Pity party pooper, that is. How good does it feel to finally be out of the pity party? I asked a friend of mine the same question just the other day, after she posted how she was finally happy, after 17 long months, just by changing her attitude.
For five long weeks, I saw myself in the likes of Frida Kahlo, Lieutenant Dan and Dr. House. In lots of pain, with a leg that doesn't work, embittered, jaded and unable to see any light at the end of the ever-lengthening tunnel. I was lugging myself around on crutches, and more recently, scooting up and down the stairs on my bum. Well, as of two days ago, I can use that bum leg. That has really helped to change my attitude about my leg, my health, my surroundings, and life in general. Instead of being pissed off about leaving South Africa earlier than I planned, I am now cherishing every moment I get to spend with my family, and the technology that allows me to talk to South Africa every day. Instead of missing my Northern Cape birds, desert landscape and heat, I am getting to know the North Carolina varieties and am happy for all the warm clothes my sister owns. I am no Pollyanna, but at least I am not Oscar the Grouch anymore.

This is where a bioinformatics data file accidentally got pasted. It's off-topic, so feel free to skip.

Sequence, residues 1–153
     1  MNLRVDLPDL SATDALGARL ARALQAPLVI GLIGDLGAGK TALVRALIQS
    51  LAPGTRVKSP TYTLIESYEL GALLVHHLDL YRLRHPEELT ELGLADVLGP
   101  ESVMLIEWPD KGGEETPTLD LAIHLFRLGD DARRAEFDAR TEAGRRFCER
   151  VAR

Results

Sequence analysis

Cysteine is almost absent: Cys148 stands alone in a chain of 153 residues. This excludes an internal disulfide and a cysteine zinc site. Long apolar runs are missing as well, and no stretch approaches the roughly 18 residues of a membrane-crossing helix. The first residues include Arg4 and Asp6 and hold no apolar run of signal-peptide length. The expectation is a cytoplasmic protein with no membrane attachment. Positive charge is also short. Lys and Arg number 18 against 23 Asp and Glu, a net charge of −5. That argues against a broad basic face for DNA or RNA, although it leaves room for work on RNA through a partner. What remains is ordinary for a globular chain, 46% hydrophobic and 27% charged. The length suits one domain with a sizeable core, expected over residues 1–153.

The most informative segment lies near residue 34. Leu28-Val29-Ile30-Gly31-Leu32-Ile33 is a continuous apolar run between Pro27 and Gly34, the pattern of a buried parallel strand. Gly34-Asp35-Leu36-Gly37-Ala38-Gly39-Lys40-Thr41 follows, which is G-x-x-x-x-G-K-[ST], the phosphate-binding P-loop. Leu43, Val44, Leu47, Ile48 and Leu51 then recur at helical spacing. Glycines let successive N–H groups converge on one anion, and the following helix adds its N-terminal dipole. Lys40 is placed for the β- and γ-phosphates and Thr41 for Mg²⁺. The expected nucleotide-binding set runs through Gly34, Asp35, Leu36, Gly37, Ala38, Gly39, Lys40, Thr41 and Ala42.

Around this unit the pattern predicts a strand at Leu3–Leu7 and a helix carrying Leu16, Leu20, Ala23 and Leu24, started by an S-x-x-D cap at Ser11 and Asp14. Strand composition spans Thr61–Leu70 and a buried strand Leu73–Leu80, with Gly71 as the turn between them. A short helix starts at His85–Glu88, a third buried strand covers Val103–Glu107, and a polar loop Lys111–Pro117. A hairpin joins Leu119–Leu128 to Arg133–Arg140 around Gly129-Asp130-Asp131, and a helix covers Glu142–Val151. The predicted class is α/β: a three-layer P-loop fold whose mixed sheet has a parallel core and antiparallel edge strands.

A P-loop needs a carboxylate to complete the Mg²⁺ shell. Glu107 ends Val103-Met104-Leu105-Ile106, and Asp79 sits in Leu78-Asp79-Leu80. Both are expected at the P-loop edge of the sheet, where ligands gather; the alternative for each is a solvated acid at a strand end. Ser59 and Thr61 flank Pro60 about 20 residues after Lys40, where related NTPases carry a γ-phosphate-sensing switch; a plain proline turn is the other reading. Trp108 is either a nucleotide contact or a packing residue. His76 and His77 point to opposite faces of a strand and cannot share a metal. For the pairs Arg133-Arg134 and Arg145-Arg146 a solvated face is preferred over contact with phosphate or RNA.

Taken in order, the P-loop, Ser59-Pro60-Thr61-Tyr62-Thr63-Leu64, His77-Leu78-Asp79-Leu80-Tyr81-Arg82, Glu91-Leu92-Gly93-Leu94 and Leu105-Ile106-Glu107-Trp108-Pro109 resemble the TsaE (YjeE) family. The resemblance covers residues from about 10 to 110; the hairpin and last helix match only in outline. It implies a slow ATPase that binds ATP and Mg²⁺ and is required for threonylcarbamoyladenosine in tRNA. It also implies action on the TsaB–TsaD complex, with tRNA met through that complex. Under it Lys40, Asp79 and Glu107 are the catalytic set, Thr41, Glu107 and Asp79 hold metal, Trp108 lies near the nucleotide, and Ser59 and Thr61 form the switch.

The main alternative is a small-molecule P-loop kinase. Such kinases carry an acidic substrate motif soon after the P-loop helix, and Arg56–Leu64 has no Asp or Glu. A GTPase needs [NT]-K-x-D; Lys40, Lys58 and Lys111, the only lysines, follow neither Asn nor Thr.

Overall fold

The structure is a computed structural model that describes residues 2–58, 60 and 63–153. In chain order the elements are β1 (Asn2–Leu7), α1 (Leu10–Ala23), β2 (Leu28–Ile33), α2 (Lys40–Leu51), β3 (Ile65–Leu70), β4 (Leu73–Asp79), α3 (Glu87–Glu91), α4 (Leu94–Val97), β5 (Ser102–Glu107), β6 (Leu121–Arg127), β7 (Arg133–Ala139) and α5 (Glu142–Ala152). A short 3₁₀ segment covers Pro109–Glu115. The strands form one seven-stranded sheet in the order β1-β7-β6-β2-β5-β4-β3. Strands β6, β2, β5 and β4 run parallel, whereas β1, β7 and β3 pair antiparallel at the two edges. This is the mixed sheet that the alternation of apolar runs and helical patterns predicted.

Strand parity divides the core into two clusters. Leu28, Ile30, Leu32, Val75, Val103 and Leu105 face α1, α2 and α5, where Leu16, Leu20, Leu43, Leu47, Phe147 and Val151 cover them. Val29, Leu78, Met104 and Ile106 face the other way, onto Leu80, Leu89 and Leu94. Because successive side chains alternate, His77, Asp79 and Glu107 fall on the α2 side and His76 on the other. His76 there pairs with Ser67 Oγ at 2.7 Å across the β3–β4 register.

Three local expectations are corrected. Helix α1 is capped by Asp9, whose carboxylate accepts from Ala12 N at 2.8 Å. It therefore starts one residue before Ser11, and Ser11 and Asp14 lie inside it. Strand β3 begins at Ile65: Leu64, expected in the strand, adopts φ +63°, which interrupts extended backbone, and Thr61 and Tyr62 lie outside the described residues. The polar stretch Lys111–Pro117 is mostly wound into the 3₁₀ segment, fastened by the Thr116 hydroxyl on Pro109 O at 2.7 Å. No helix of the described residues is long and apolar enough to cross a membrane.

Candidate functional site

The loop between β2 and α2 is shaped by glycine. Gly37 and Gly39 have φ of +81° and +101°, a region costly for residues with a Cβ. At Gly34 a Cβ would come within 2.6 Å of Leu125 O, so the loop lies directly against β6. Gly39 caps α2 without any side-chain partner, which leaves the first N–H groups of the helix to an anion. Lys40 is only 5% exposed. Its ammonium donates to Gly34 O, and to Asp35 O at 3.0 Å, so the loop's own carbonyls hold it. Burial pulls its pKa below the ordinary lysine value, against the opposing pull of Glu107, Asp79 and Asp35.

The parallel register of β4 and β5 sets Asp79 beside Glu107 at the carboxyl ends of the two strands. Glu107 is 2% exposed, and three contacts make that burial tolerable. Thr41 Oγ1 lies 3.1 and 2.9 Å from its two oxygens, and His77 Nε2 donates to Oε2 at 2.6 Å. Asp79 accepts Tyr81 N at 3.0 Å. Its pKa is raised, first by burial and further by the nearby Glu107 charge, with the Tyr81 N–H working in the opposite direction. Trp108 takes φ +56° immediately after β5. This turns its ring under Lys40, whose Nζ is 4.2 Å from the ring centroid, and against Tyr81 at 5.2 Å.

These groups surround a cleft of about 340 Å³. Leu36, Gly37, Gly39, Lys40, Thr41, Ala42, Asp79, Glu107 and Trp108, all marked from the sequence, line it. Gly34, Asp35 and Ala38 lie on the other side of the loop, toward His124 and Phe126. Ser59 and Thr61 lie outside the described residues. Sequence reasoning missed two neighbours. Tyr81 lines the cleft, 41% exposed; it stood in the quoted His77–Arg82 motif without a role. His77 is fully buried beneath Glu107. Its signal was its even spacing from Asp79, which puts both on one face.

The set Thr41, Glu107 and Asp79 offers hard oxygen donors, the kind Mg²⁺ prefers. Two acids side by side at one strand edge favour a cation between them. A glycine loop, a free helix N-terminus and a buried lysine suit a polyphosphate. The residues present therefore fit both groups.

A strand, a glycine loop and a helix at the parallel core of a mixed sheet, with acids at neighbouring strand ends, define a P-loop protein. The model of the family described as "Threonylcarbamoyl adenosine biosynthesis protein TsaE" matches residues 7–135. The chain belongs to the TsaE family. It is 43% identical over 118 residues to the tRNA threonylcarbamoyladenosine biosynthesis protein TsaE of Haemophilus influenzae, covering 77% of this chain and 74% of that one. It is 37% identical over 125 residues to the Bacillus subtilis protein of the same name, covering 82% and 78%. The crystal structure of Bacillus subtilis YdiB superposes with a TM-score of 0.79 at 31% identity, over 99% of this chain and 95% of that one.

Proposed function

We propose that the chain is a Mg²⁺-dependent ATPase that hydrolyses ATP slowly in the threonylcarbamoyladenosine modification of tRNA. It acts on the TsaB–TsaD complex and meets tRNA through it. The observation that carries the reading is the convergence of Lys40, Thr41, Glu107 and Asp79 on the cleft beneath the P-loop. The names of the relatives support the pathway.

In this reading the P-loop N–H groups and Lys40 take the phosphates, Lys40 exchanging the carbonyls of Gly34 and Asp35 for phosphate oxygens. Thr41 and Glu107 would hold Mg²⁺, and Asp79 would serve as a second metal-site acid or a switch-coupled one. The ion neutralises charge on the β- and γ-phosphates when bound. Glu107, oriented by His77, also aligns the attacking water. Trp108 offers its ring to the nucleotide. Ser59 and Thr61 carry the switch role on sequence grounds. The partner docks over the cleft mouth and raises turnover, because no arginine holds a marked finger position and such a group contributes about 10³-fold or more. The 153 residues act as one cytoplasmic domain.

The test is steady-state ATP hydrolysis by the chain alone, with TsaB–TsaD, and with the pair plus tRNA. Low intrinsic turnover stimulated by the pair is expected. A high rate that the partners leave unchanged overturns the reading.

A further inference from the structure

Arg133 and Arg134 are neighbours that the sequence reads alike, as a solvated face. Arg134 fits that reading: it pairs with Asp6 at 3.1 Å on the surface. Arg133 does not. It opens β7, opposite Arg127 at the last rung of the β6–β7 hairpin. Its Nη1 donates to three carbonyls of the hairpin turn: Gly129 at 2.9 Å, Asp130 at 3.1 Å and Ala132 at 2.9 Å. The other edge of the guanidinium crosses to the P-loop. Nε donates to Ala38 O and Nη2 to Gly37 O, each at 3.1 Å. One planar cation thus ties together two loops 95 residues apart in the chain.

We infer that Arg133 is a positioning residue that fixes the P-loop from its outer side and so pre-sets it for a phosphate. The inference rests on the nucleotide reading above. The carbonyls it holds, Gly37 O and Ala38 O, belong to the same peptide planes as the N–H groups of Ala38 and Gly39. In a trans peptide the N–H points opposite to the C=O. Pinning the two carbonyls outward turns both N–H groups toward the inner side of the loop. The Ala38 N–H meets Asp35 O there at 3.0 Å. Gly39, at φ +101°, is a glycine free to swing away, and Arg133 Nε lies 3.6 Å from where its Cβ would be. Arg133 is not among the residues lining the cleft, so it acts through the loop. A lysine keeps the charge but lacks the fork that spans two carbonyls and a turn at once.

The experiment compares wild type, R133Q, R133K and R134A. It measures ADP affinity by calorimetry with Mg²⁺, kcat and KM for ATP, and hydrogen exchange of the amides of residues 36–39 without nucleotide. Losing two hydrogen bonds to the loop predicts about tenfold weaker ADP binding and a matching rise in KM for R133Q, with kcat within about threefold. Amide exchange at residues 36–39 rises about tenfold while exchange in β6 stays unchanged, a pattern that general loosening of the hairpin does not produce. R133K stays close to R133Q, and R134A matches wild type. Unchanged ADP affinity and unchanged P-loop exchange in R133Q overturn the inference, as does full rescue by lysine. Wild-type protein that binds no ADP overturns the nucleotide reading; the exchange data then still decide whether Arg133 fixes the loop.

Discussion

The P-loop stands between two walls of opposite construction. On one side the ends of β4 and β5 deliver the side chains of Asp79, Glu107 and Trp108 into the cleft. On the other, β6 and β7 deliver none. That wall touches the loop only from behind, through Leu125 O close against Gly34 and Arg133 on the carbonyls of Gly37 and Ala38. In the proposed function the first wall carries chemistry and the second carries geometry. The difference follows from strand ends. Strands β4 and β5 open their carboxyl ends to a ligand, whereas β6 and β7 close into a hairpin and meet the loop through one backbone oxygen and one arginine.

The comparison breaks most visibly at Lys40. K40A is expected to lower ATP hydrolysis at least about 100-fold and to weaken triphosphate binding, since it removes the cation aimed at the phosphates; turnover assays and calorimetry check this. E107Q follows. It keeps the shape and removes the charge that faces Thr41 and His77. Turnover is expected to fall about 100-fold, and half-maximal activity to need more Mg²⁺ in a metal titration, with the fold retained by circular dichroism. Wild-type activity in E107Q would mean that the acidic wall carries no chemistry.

Many people have commented that things happen for a reason. That's kind of a dumb platitude, but I tend to agree with it nonetheless. Or rather, I choose to agree with it. I'd like to think me breaking my leg has less to do with chance and more to do with the grand scheme of life. Perhaps karma caught up with me? Maybe there is a fabulous money making opportunity just kilometers away. Maybe my nephew was getting tired of Elmo and needed some Morrissey in his life? Who knows.
During my convalescence at the guest house in Pretoria, I met some amazing people; all fellow injured Peace Corps volunteers, but from other countries in Africa. There were a menagerie of injuries represented, from appendicitis to broken bones and even a mental meltdown. Between us all, we represented one whole person and could manage shopping, cooking, drinking and lots of talking. It was uplifting to be able to help other injured people, to hear their stories and even see some of their photos. When you realize you aren't the only person who has ever been hurt so far away from "home" and that "home" can be anywhere you make it, your pity part becomes less appealing.